The Association of Zoos and Aquariums announced this morning that it will phase out the use of bullhooks on elephants at its member zoos, taking the United States a giant step forward toward relegating these instruments of torture to history.
According to an article in the Washington Post this morning, the AZA board recently voted to phase out the instrument’s use in routine elephant care and training by the start of 2021. It also approved a statement of intent to completely end the use of bullhooks except in emergencies and non-routine medical care by 2023. The AZA, the nation’s leading accreditor of zoos and aquariums, has 230 members and the decision will affect about 30 zoos that still use bullhooks to varying degrees.
Bullhooks are highly controversial instruments that resemble a fireplace poker, with a long rod, sharp metal hook and spiked tip. When used on animals, they inflict terrible physical injuries, including lacerations, puncture wounds and abcesses. The cruelty also leads to long-term trauma, emotional distress and suffering for the animals. Growing public condemnation of bullhooks has led to two states, Rhode Island and California, and more than a dozen localities, including the cities of Austin, Los Angeles, Minneapolis and Spokane, banning them.
All circuses use bullhooks to train elephants, but over the years most zoos have switched to more humane and safer elephant handling methods, as they have discovered that positive reinforcement training for elephants in a protected contact environment is highly effective and reduces aggression.
Elephants, when allowed to behave more naturally and not coerced with dominance and punishment, form strong bonds with their trainers and are more likely to cooperate voluntarily for treats and praise. This allows keepers and veterinarians to more easily provide routine husbandry, perform veterinary exams and procedures, and administer treatments.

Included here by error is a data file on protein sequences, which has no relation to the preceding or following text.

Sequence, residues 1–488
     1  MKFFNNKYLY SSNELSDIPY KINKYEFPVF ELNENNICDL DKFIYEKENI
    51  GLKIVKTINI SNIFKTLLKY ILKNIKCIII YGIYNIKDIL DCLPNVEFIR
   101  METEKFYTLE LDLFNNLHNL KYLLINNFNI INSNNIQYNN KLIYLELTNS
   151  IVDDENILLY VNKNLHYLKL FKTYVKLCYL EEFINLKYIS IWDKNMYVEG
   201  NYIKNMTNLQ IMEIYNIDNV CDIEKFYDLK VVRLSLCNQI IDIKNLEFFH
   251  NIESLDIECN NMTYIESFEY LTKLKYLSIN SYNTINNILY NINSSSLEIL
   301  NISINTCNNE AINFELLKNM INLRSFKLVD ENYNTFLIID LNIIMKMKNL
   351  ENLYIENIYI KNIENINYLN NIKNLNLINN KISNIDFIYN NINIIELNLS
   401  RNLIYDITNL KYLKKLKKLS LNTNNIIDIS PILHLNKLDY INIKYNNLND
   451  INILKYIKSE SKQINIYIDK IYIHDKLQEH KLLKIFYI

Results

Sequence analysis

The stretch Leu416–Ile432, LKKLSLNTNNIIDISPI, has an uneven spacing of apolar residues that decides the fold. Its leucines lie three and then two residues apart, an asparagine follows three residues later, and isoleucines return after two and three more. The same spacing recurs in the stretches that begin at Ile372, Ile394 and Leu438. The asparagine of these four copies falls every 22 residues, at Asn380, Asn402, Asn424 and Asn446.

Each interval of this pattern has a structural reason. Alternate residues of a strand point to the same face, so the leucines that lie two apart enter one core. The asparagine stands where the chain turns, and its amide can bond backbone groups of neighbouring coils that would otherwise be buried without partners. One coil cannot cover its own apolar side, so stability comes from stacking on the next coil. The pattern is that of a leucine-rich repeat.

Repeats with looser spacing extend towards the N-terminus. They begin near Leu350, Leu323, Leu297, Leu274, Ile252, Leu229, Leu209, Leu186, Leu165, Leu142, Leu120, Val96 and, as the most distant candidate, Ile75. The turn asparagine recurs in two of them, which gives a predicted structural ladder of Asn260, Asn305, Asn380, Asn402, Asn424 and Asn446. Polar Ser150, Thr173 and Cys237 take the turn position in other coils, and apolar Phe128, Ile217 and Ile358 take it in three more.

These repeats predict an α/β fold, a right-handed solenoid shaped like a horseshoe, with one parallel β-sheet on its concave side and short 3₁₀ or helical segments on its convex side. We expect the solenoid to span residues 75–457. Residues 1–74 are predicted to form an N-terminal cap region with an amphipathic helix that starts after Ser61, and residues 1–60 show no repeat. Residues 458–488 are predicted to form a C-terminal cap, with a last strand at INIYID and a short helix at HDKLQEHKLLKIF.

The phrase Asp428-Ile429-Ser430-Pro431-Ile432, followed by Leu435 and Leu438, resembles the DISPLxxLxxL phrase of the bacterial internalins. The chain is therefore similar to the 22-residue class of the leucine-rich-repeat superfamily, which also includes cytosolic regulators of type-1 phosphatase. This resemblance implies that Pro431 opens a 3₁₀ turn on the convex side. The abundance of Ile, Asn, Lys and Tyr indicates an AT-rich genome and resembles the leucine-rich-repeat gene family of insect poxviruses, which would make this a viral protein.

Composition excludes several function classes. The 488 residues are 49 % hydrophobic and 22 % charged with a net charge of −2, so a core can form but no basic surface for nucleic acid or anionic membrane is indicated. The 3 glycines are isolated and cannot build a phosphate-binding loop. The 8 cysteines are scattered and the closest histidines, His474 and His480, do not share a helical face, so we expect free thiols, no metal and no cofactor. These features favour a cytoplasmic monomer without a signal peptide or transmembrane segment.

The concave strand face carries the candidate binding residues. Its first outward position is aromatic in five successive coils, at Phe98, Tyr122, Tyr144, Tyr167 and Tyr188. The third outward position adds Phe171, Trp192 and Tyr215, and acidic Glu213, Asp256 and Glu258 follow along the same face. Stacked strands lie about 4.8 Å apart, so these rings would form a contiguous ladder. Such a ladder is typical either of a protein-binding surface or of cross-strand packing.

The Humane Society of the United States has been behind many of the successful legislative efforts to ban bullhooks, and we continue to press for ending their use in other U.S. states and localities. In India, the use of bullhooks on elephants has been banned for several years, but Humane Society International has been fighting to end their continued use on elephants used for tourist rides at the Amer Fort.
Scientists, elephant keepers, veterinarians, conservationists and other authorities agree that the bullhook has no place in modern elephant management and care and they cannot be used properly, safely or humanely. We are now pleased to see the AZA embrace this point of view. The organization has been a valuable partner to us on issues where we share concerns, and we have worked together on campaigns to restrict public contact with certain species and banning the trade in ivory and shark fins. Some individual AZA zoos have supported state and local efforts to ban bullhooks, ban the use of wild animals in traveling shows, and ban the private possession of dangerous wild animals.
There have been seven keeper deaths and at least 30 injuries to keepers and the public caused by elephants in AZA zoos since 1990, but the deaths and injuries have been declining as more and more zoos have transitioned to safer and humane methods.
We applaud the AZA for working to continually update its standards, and for making this important move away from bullhooks. We look forward to continue working with the AZA and encourage the organization to implement additional important reforms, including providing animals with more space, keeping animals in appropriate climates, discontinuing ambassador programs, phasing out some species that fare especially poorly in captivity, and a policy against importing wild-caught animals. We will also keep up our fight for ending the use of bullhooks by circuses and other animal acts that continue to use them. But for today, let’s take a moment to celebrate this important win for elephants living in zoos around our country.